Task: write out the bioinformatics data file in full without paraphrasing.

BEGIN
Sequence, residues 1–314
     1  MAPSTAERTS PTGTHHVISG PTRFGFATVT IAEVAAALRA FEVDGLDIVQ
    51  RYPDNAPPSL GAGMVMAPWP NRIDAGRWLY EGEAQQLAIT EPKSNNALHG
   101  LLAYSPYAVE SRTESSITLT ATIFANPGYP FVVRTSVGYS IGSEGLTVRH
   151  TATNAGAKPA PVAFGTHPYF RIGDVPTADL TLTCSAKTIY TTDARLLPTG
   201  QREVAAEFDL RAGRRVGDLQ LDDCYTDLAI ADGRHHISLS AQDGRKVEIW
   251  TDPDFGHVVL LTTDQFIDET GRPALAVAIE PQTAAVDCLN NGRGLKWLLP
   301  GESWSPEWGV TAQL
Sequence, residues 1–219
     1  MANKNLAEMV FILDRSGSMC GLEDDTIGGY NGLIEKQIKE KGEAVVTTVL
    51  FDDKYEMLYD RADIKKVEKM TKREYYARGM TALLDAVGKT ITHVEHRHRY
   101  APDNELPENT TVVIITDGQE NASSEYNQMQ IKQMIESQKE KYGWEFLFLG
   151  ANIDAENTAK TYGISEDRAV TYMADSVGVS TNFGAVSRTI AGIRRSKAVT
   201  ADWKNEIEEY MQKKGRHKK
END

Sequence, residues 1–314
     1  MAPSTAERTS PTGTHHVISG PTRFGFATVT IAEVAAALRA FEVDGLDIVQ
    51  RYPDNAPPSL GAGMVMAPWP NRIDAGRWLY EGEAQQLAIT EPKSNNALHG
   101  LLAYSPYAVE SRTESSITLT ATIFANPGYP FVVRTSVGYS IGSEGLTVRH
   151  TATNAGAKPA PVAFGTHPYF RIGDVPTADL TLTCSAKTIY TTDARLLPTG
   201  QREVAAEFDL RAGRRVGDLQ LDDCYTDLAI ADGRHHISLS AQDGRKVEIW
   251  TDPDFGHVVL LTTDQFIDET GRPALAVAIE PQTAAVDCLN NGRGLKWLLP
   301  GESWSPEWGV TAQL
Sequence, residues 1–219
     1  MANKNLAEMV FILDRSGSMC GLEDDTIGGY NGLIEKQIKE KGEAVVTTVL
    51  FDDKYEMLYD RADIKKVEKM TKREYYARGM TALLDAVGKT ITHVEHRHRY
   101  APDNELPENT TVVIITDGQE NASSEYNQMQ IKQMIESQKE KYGWEFLFLG
   151  ANIDAENTAK TYGISEDRAV TYMADSVGVS TNFGAVSRTI AGIRRSKAVT
   201  ADWKNEIEEY MQKKGRHKK